7½ Food Lessons I Learnt in 2012

On the evening of December the thirty-first, two thousand & twelve, I was busy being a hermit and cooking dinner. Unlike the previous year, we’d decided to stay away from the hours-long metro lines & traffic jams that awaited all who ventured out that evening to catch the fireworks at the Burj Khalifa. I’ve never […]

A Hankering for Noodles

ingredients for fried noodles
I am a lazy cook. No other way to say it. I have no patience for slowly stirred sauces, carefully watched pots, or preparations that need fifteen different components plated at the last minute. If it all sits together in a bowl and I can eat it with one utensil, then so much the better.

I am also a stubborn cook. Stir fries have often tantalised me, and every time I try my hand at one I learn a little more, make it a little better. I’m at the stage now where I can’t quite bang out a hundred plates of noodles that all look and taste the same, but the outcome is generally tasty, and even when my own pantry conspires to throw me a curveball, I can generally deal with it.

Today’s conundrum: the urge to eat fried noodles, with all the correct ingredients I like in fried noodles — except for noodles themselves. The closest thing I had was a packet of linguine — not the regular kind, which is a fine substitute for stir fries (spaghetti is too), but a dark green basil flavoured one.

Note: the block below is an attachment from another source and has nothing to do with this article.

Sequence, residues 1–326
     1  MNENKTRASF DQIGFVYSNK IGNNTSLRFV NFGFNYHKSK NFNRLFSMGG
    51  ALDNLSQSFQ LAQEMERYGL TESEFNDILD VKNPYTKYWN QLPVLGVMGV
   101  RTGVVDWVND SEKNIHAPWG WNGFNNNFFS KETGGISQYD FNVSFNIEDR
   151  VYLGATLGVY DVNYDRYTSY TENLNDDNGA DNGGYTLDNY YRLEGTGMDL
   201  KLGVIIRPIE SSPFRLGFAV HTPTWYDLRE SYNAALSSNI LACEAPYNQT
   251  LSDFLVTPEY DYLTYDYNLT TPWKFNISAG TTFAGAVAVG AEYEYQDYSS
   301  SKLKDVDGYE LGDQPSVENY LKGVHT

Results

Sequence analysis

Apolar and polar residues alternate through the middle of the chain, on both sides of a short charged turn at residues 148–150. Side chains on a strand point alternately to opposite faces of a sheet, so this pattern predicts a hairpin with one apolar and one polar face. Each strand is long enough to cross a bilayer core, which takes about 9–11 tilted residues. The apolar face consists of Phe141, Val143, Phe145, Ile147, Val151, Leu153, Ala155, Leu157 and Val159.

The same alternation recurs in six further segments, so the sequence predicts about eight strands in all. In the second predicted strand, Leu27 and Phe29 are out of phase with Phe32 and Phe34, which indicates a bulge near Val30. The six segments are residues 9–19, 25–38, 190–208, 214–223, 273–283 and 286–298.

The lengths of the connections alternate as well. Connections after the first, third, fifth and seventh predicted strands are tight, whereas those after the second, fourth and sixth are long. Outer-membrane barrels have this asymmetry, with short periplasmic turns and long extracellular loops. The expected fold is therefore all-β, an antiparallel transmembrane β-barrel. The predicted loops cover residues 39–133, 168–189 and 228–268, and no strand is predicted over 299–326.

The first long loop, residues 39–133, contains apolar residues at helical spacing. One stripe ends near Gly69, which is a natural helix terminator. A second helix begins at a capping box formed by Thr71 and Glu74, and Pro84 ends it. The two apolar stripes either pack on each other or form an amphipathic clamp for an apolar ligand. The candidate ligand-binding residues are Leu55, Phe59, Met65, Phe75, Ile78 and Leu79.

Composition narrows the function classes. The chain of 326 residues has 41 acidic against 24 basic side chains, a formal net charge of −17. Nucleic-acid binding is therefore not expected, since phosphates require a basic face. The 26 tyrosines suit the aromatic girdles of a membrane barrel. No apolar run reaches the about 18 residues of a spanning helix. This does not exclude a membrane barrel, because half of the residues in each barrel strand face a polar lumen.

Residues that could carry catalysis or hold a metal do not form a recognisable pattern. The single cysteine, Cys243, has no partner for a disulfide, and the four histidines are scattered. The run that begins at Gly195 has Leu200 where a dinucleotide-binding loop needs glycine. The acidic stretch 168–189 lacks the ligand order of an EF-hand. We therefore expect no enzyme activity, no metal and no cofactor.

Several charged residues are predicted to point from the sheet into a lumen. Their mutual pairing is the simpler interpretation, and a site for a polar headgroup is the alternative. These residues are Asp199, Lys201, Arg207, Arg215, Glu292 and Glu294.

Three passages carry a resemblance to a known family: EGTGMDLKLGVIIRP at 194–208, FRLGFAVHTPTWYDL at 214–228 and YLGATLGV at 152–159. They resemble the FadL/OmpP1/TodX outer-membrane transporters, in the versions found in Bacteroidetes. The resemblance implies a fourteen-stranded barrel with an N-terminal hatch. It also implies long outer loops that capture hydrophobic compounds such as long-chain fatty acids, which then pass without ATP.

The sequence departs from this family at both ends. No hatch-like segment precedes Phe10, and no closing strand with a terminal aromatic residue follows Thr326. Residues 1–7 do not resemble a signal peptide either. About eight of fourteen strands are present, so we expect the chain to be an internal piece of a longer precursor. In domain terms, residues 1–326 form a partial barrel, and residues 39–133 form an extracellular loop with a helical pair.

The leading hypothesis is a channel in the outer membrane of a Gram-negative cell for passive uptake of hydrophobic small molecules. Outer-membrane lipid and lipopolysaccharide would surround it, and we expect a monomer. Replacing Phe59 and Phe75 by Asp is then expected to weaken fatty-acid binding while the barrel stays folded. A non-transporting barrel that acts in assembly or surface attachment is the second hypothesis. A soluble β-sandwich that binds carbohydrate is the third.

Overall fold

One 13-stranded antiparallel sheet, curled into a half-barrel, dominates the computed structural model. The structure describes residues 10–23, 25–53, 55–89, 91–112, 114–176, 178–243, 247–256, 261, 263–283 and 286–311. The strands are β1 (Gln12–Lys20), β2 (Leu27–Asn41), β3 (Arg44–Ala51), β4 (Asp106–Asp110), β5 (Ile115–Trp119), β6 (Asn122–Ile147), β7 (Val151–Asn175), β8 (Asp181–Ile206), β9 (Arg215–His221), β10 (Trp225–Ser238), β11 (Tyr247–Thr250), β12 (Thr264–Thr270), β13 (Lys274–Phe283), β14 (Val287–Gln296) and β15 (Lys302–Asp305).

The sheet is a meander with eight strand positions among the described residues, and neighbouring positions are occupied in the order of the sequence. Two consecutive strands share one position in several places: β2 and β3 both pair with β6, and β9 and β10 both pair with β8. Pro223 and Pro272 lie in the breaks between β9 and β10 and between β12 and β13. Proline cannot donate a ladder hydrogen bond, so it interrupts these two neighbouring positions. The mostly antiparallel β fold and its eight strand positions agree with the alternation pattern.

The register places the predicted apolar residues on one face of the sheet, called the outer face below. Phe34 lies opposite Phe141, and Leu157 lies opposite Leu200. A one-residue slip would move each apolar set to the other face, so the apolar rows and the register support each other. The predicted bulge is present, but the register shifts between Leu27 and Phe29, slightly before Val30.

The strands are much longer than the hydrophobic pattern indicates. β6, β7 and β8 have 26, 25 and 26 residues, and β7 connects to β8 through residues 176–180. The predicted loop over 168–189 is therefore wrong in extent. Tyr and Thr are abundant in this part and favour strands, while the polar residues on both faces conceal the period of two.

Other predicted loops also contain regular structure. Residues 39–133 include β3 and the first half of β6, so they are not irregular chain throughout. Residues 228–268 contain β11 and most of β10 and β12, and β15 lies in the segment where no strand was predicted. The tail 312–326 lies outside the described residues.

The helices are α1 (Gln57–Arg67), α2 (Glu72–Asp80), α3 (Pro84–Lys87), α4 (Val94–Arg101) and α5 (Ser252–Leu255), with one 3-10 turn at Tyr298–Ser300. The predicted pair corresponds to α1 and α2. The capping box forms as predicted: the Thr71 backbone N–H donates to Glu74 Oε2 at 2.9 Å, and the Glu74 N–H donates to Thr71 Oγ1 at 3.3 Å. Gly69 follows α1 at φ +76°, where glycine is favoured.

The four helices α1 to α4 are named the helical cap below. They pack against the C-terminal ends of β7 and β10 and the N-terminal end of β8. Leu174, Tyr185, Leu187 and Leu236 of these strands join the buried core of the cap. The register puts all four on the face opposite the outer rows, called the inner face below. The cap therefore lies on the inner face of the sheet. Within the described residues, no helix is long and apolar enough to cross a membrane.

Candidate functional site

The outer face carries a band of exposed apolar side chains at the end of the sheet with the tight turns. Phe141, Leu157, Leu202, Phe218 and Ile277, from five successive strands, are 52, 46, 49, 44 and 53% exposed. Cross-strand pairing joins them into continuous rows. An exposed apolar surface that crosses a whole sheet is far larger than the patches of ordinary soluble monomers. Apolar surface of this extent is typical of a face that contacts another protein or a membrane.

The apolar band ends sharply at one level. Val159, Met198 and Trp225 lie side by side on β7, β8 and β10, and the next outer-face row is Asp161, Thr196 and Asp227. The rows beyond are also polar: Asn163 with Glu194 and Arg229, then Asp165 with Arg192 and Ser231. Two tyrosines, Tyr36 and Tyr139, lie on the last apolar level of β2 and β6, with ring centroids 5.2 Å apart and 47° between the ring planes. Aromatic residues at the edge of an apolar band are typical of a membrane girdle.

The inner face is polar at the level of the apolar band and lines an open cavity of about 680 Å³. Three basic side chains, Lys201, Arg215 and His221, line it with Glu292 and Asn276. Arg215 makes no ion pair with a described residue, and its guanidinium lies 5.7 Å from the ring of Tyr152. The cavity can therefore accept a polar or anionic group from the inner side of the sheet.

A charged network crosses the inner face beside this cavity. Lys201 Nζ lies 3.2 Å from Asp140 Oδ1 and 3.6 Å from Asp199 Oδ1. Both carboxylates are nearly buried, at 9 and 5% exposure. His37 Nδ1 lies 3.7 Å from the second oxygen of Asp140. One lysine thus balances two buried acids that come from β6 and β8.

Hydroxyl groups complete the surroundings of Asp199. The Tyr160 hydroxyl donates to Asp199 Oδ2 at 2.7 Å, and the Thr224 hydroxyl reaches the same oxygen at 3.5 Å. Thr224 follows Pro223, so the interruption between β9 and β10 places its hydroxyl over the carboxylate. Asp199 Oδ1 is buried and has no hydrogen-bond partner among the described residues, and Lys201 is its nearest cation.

Nevertheless, I soldiered on, and above is almost everything that went into it besides salt, pepper, oil and a last minute squirt of Sriracha, i.e.: an egg (fried as an omelet, cooled, cut into strips), noodles, celery, carrot, baby corn, garlic, asparagus, mushrooms — and mixed for the sauce, soy sauce, brown sugar, and sesame oil.

plate of chinese fried noodles made with linguine
Put them all together and you get this. It didn’t taste half bad, though after a while the taste of basil completely disappeared, and that was a bit disappointing. Guess the noodles would benefit from a more delicate saucing than being tossed around in soy sauce, sugar and sesame oil until good old Maillard reactions do their magic.

close up of chinese fried noodles made with linguine


Pad Kapraw Thai Rice Noodles

Photo of Pad Kapraw Thai Rice Noodles on a wide-rimmed white presentation plate with red chopsticks

Lunch today was some Pad Kapraw Thai Rice Noodles. The noodles came with a flavour packet which I used. Pad Kapraw is apparently a basil-flavoured sauce, but the overriding flavour when the powder hit the pan was of liquorice. Luckily the finished dish had a very mild flavour, sweet and hot; not having had much Thai food I’m not sure how sweet Thai basil really is, so I’m assuming the liquorice-like flavour is a bit like it.

The rest of the dish contains a stir-fry of vegetables: bean sprouts, mushrooms, several coloured peppers and carrot, all sliced thin so they’d cook quickly. The rice noodles have to be handled carefully, cooked al dente (about 4 minutes) and rinsed thoroughly in cold water. They seem insubstantial compared to wheat noodles, but don’t be fooled: as time goes by they soak up water and become plumper. Like rice itself, a little goes a long way.

Close-up photo of Pad Kapraw Thai Rice Noodles on a wide-rimmed white presentation plate with red chopsticks